Globalization has been at a crossroads for a while. Trade protectionism is on the rise. At the same time, sophisticated technologies inaugurate a new era of threats and opportunities that holds the world in awe.
The Fourth Industrial Revolution transforms and sometimes puts an end to many professions as we know them. Robotics and automation, not cheap labor sources in Mexico or China, are mostly to blame for deindustrialized sectors and towns in the US and Europe.
It is quite paradoxical. Technologies in communications, social networks, co-working and transportation bring us ever closer. But sometimes they also end up becoming the indirect causes of nationalistic industrial policies and protectionist trade measures.
After World War II, trade was clearly the top driver of prosperity. But that changed. WTO statistics show that since the Great Recession defensive trade measures — in one word, protectionism — is expanding. We have moved from a long period of deep globalization to the current stage where deglobalization trends might prevail.
It wouldn’t be unfair to suppose the risk of deglobalization and the emergence of Industry 4.0 as the two most important dynamics unfolding in the world today.
There are certainly many actions beyond the realm of trade that must be taken in order to make both globalization and the Fourth Industrial Revolution work.
Retraining — and therefore the reskilling of the labor force — is one of them.
But by scanning the technological horizon, we feel there are innovations out there that may actually propel trade and globalization forward, in a way that is both inclusive and smart.
That is why we decided to propose an Intelligent Tech & Trade Initiative (ITTI), which will be launched at the World Trade Organization during its Public Forum later this month in Geneva.
‘ITTI’ will bring together technology and business leaders, negotiators and scholars in debating and devising ways on how blockchain and augmented intelligence (AI) can positively impact global trade. Its WTO launch is the first step of a project that gathers representatives from institutions and companies as different as ICC (International Chamber of Commerce), IBM, Gearbulk, UNCTAD and Columbia University.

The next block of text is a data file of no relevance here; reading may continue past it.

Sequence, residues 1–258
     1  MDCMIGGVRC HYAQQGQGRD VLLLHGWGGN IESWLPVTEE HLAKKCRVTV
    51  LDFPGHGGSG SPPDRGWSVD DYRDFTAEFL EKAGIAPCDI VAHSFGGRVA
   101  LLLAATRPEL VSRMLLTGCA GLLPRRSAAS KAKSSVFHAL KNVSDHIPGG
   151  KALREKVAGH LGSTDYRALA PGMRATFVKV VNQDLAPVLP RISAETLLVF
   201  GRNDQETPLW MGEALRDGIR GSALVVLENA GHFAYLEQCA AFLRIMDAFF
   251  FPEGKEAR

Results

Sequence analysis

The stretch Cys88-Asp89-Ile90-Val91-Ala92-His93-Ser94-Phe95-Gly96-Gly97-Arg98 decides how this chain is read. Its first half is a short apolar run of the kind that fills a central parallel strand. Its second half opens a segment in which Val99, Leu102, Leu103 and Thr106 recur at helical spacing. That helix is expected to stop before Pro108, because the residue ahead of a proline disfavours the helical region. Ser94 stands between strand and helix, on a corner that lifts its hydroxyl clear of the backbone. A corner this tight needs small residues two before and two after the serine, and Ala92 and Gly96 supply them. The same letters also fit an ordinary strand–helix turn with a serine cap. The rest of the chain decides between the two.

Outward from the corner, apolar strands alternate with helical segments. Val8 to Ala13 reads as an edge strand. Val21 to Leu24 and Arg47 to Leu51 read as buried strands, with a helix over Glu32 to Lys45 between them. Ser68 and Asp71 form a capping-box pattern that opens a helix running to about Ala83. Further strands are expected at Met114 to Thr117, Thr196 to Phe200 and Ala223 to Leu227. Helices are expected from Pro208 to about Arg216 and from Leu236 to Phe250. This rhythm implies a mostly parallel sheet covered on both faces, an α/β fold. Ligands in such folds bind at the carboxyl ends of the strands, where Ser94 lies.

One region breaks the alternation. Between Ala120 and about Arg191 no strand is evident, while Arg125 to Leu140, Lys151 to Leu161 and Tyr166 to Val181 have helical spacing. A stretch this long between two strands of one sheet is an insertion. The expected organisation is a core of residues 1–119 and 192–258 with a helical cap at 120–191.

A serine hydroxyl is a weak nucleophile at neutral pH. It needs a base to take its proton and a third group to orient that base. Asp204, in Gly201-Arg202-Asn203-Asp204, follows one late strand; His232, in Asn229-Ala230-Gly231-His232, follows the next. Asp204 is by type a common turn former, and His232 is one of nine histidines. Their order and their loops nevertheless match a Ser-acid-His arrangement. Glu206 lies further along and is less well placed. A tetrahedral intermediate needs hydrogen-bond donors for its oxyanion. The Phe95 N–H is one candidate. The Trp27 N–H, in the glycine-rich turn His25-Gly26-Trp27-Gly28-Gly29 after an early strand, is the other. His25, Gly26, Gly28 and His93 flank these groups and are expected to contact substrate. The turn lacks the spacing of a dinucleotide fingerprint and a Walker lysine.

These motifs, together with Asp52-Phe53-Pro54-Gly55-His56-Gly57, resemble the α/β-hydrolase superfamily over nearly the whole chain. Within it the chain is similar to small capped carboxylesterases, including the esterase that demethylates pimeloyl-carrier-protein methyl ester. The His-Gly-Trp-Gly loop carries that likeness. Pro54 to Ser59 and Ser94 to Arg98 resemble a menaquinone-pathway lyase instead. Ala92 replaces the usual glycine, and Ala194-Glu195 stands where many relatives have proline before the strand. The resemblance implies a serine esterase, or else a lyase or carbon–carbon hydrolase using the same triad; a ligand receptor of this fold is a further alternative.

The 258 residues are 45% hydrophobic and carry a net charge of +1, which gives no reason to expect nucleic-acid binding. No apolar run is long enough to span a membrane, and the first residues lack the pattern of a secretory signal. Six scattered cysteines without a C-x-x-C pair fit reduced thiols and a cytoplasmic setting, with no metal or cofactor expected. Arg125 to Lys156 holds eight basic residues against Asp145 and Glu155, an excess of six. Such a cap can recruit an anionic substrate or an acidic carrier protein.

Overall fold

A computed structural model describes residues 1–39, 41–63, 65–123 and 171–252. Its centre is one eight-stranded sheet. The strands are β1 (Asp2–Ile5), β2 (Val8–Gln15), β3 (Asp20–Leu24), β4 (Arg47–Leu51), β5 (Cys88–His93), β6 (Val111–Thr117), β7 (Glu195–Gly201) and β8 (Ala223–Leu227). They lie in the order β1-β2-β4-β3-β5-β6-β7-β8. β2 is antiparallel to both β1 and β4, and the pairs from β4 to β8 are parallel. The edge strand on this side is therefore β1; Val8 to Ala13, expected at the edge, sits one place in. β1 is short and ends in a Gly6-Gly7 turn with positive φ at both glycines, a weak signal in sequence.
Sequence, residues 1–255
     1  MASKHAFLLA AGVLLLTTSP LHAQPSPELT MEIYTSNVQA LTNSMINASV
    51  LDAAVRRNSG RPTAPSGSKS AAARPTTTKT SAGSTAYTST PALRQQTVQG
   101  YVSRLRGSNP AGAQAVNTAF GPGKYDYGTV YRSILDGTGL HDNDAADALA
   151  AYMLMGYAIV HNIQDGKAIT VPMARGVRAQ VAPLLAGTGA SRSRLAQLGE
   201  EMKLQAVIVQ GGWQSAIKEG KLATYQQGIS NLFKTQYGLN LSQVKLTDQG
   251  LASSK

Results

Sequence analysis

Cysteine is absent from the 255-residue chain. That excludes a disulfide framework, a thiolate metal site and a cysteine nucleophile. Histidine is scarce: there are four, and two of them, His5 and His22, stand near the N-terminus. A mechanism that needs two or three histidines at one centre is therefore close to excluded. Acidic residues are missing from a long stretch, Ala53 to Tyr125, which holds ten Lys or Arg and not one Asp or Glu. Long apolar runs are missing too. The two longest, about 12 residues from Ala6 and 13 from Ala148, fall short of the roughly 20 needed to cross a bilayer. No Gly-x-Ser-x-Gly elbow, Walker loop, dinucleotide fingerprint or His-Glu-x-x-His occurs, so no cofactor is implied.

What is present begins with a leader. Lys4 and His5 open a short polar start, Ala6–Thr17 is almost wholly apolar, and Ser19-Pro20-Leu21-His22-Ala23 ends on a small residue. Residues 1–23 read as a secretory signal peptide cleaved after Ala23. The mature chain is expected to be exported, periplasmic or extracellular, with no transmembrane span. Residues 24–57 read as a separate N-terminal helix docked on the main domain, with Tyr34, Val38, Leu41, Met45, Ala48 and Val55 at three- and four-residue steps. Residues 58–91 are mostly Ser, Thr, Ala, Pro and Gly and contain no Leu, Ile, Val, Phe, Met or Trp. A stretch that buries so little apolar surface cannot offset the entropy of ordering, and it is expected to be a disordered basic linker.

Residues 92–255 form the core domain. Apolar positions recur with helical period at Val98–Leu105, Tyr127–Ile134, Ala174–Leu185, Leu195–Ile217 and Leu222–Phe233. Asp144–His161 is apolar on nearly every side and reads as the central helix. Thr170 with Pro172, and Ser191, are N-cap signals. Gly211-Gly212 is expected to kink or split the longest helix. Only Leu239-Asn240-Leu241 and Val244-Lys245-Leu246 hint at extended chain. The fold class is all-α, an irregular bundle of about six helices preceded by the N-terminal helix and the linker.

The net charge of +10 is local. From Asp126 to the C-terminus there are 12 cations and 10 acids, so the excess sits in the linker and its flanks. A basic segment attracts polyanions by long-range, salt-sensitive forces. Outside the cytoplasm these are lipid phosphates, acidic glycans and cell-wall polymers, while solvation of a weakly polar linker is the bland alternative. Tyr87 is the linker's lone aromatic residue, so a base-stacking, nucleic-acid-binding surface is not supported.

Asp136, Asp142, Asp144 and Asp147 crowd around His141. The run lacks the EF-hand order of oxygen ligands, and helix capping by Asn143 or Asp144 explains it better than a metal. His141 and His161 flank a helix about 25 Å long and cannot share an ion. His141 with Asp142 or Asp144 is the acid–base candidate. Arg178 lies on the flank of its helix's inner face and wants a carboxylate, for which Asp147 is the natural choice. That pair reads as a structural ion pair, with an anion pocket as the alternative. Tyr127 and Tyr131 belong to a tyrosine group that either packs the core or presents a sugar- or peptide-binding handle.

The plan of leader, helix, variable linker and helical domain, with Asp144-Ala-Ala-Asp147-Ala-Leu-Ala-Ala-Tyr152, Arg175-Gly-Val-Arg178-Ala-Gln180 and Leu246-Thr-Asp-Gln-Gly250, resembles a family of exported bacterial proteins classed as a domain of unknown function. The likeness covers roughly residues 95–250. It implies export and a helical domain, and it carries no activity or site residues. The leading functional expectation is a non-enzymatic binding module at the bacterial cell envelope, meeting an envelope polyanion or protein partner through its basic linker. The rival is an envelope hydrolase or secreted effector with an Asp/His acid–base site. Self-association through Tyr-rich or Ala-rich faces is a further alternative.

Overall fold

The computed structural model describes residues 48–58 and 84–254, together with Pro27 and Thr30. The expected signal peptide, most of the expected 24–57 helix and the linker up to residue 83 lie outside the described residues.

We see the creation of ITTI an essential move in making blockchain and AI drive trade beyond existing roadblocks. Instrumentally, they can enable more proactive supply chains, enhance compliance software, draft smarter contracts or expand access to trade financing.
But they can also be very inclusive. These technologies will help both SMEs (small and medium sized enterprises) and LDCs (Less Developed Countries) seize a bigger piece of the global trade pie. They allow for de-intermediation, increased trust and agile market access. This will help bridge the gap between large MNCs (multi-national corporations) and SMEs, as well as between post-industrial economies and LDCs.
They both lack access to trade networks or formal credit structures. Through blockchain, SMEs can better access credit, link into a broader investor ecosystem and set up new trading networks. This will result in better transactions and trade agreements for both SMEs and LDCs.
AI can also play a role in leveling the playing field in trade negotiations. Traditionally, countries have a toughtime preparing for trade talks. Delegations, especially those representing emerging economies, are not equipped to face detailed minutiae.
New technologies however will help delegations gather and structure information as well as predict different negotiation scenarios. This is achievable by using AI tools to access and interact with cloud-based resources.
Additionally, we might be increasingly able to use AI in predicting and modeling trade negotiation outcomes. Protectionism often results from subjective, ill-informed analytical dynamics. Up until now, measuring protectionism – or, on the contrary, the potential of free trade – has relied on projection models that have not explored the full potential of new technologies.
By building and applying AI tools to project, predict and weigh the pros and cons of more or less trade agreements, countries will be able to better balance costs and benefits arising from industrial and trade policy decisions.
Many blockchain and AI applications to trade will have to be adapted from other uses in finance, logistics, medicine or the legal world. And most will definitely be built from scratch. That is why we conceived ITTI as a multimedia project that will examine how cutting-edge technologies can bring about new functional and conceptual approaches allowing for international trade transactions and negotiations to advance.
ITTI’s ultimate objective is to stir the debate involving the technology community, trade negotiators, business leaders and scholars on how to better pursue a constructive trade agenda.
It is only by fostering the interaction among these key stakeholders that tech-intensive solutions will be crafted and developed. ITTI will do so by promoting research papers, organizing conferences and producing TV documentaries and interviews series on the future of technology and trade.
We’ve got to make sure this new era that dawns upon us is inclusive of companies big and small, countries rich or emerging, so all can benefit from its endless potential.
By bringing technology and trade closer together, we will not only be lifting flows of exports and imports, but improving the very essence of international cooperation.
Daniel Feffer is president of ICC-Brazil.
Marcos Troyjo is director of BRICLab at Columbia University, where he teaches international affairs.